Modes, in contrast, are only contingent accidents of substance. They are the properties of a thing that may or may not be present, and if actually present, they are causally the result of some contingent state of affairs.
Cosmology, as a special metaphysical science, is the study of the world-whole in general. The world, as such, is an extended composite of extended composites.
The world is a collection of mutable things that are next to each other, follow upon one another, but which are overall connected with one another.
In precise terms, Wolff believes the world is an extended whole that is composed of a finite number of interacting physical bodies. To better understand the types of cosmological claims that Wolff defends about the universe, it is perhaps helpful to consider first his conception of physical bodies.
Ultimately, the conclusions that Wolff draws at the macroscopic level about the world-whole are simply extrapolated from his analysis of physical bodies.
To facilitate our discussion, we should identify the three levels of description that Wolff employs when giving his two perspective account.
Identifying these three different levels is helpful in understanding at what respective point the mechanical and metaphysical accounts each terminate or bottom out.
Each atomic element is defined, or individuated, by its own distinctive internal state and each is considered to be indivisible in-itself.
The second level of description that Wolff employs when giving his account of bodies is the microphysical level.
The occupants of this level are the primitive parts of bodies which Wolff calls corpuscles or material atoms. That is called an atom of nature which is indivisible in itself because it is devoid of parts into which it can be divided.
That is called a material atom which in itself is able to be divided, but for actually dividing it, existing causes in rerum natura are not adequate.
Material atoms or corpuscles are indivisible in the sense that there is nothing within the world that is capable of reducing them into further parts.
Corpuscles represent the lowest level of explanation that is possible within a mechanical account of bodies.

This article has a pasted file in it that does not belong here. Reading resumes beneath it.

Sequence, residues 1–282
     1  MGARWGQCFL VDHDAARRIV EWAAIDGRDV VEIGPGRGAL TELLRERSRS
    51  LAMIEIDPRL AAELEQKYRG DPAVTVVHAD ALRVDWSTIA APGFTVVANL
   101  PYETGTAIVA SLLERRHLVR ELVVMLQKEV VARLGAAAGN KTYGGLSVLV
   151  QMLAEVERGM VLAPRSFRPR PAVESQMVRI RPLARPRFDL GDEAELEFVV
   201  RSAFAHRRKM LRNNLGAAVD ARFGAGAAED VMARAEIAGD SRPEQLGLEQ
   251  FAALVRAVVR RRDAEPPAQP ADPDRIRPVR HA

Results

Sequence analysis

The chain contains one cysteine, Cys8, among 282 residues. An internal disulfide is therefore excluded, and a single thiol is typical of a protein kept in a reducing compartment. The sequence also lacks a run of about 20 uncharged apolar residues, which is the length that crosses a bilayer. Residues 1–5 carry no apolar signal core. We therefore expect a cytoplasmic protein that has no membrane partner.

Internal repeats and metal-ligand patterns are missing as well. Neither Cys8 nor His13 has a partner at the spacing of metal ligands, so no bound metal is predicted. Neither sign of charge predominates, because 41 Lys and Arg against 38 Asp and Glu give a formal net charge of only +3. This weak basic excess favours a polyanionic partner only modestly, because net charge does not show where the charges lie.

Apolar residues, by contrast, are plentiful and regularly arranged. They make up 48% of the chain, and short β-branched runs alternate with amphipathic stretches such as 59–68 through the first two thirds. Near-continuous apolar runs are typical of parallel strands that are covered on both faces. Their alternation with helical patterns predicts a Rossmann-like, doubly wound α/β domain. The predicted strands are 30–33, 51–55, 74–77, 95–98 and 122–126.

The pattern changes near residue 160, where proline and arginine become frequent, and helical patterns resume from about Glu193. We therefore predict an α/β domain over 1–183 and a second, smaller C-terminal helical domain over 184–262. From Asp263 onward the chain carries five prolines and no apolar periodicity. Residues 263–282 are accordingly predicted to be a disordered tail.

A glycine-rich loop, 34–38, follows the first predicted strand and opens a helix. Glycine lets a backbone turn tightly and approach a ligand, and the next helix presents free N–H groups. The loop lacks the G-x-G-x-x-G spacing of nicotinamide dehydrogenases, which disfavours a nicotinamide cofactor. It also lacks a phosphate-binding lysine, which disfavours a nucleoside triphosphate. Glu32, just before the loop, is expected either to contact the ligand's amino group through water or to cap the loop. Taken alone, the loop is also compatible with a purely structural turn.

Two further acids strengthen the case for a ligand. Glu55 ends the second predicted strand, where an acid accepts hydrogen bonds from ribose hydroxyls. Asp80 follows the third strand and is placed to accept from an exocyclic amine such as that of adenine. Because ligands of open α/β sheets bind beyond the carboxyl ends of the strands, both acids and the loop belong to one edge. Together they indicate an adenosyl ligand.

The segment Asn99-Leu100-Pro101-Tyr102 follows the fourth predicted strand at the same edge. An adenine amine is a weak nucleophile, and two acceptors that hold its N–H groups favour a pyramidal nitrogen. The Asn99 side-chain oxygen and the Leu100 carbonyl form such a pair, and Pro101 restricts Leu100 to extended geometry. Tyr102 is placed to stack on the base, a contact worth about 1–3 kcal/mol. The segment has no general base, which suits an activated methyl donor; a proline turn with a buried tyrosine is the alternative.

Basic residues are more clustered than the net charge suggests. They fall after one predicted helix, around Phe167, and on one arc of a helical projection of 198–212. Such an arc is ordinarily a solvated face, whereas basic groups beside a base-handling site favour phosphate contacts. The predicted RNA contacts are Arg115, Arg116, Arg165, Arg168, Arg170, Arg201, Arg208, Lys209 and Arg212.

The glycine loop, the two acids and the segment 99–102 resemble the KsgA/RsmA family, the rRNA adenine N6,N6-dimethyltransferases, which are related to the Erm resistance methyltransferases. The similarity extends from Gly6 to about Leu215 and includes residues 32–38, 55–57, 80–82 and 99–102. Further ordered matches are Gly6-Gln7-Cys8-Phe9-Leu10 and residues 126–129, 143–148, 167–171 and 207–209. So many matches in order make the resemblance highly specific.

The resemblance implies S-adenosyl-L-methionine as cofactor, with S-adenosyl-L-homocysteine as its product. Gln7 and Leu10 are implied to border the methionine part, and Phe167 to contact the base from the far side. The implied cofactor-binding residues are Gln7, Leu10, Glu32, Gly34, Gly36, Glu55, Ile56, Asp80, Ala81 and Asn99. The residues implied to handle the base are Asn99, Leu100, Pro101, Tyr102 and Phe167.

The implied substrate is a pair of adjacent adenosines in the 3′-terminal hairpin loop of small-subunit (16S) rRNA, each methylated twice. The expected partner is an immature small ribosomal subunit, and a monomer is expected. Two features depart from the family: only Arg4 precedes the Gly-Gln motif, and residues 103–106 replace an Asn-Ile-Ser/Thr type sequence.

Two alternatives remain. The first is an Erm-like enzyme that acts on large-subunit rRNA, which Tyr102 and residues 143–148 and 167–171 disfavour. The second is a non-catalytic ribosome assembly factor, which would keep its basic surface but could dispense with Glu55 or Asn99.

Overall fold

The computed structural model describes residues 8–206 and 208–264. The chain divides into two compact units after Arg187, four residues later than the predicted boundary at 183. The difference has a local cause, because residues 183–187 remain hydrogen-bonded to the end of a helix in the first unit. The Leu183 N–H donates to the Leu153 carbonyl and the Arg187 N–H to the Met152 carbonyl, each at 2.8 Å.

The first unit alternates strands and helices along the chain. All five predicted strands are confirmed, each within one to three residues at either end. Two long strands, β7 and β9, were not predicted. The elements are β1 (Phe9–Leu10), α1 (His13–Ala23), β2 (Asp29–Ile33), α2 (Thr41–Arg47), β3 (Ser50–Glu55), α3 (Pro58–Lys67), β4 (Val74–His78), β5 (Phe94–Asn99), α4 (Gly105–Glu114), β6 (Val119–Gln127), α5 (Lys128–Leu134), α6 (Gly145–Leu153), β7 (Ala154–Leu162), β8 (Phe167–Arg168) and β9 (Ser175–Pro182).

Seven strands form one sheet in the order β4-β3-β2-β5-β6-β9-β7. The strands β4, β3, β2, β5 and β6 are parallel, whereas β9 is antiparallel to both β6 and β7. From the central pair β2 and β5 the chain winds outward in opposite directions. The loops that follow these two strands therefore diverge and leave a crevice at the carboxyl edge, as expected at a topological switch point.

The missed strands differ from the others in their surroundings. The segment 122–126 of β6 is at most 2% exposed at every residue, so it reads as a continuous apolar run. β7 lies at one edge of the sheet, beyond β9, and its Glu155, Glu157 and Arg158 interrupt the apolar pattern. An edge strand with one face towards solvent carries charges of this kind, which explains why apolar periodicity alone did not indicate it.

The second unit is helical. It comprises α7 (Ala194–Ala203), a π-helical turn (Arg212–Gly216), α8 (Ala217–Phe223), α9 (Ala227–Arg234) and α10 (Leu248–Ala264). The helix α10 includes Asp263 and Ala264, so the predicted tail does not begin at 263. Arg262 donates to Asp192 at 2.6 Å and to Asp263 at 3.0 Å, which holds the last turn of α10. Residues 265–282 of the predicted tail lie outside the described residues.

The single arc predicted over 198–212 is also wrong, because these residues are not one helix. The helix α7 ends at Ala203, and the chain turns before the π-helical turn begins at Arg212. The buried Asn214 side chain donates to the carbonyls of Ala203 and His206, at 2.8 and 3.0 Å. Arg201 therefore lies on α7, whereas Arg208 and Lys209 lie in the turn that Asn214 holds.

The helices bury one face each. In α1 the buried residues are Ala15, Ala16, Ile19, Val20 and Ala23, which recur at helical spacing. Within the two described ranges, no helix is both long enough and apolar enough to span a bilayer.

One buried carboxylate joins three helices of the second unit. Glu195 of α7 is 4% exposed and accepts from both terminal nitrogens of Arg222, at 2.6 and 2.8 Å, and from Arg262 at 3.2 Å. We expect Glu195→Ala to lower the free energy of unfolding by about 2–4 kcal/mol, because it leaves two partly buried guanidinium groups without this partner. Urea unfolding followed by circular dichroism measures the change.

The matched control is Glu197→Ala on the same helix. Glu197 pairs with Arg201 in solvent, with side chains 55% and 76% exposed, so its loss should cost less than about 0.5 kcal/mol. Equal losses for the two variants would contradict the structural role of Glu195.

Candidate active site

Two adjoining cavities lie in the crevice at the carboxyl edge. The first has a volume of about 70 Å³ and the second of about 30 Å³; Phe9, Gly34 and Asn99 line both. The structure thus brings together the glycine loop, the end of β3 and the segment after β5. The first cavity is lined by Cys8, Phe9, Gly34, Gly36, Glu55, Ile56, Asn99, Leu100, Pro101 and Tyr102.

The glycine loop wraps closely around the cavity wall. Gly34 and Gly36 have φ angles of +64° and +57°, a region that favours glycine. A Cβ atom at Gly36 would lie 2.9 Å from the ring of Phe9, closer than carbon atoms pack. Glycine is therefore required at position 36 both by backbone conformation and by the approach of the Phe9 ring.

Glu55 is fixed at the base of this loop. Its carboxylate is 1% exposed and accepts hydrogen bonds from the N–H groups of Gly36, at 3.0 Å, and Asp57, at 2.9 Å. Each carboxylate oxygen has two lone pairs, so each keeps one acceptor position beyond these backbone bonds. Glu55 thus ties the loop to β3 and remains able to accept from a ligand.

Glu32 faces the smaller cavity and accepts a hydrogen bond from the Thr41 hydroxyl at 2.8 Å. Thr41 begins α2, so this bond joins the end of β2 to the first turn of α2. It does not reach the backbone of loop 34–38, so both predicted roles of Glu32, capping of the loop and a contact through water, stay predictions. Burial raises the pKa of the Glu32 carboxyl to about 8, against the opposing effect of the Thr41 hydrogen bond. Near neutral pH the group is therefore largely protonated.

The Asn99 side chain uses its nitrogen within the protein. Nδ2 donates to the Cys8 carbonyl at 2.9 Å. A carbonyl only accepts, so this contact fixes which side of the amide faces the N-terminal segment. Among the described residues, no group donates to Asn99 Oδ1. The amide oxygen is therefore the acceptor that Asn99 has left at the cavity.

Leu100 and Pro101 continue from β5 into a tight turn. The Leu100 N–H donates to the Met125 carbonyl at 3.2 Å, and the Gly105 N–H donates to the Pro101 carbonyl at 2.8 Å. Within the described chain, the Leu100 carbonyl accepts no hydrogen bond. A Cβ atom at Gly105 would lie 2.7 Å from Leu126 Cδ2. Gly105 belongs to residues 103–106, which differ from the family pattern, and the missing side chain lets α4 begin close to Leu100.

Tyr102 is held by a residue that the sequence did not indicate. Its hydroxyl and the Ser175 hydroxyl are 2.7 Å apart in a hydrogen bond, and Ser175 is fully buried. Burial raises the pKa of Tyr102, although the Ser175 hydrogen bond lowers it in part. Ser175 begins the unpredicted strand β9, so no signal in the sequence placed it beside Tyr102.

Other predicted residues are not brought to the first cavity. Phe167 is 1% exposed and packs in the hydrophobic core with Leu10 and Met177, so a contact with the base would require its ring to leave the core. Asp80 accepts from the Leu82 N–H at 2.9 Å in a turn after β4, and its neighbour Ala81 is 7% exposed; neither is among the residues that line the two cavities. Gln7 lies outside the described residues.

Similar to the atomic level, the microphysical level lies beyond the boundaries of human perception. It is unclear, for example, whether all corpuscles retain homogeneity with respect to their magnitude and shape.
Yet because corpuscles are a species of composite beings, Wolff is confident that the essence of a corpuscle consists in the manner in which its parts are joined together.
A corpuscle is an aggregate of atomic elements. Its component parts are simply the unextended points of force that occupy the atomic level. The third level of description that Wolff employs when giving his account of bodies is the level of appearance or sensible reality.
It is at this level that bodies and their phenomenal properties, such as extension, the force of inertia, and motor force vis motrix , are described in mechanistic terms.
I prefer that aggregates of simple substances, namely, those compound beings of which the material world is composed, be called bodies rather than simple substances….
In a strict sense, a body is considered by Wolff to be a composite of composites. The interacting atomic elements conceived as unextended points of force give rise to primitive corpuscles and from the cohesion of corpuscles, a body is thereby constituted at the level of appearance.
At the level of appearance, bodies display a number of determinate properties. Each body has a specifiable size or magnitude i. Yet, according to Wolff, the properties of bodies should not be considered as the accidents of anything substantial because bodies are merely phenomenal manifestations of real, interacting, atomic elements.
Even the principal properties of bodies used in the analysis of bodily change and motion i. Now according to Wolff all sensible properties of bodies should be considered as secondary or mind-dependent qualities.
For Locke, the primary qualities of bodies, such as extension, solidity, shape, size and texture give rise to the secondary qualities that we perceive in bodies, such as color, sound, taste, smell and temperature.
Wolff, for the most part, accepts this causal-corpuscularian theory of secondary qualities. In very simplistic terms, sensible properties are for Wolff what color, sound, taste, smell and temperature are for Locke.
For both philosophers, secondary qualities are phenomenal and mind-dependent properties having their causal origin in some objective i.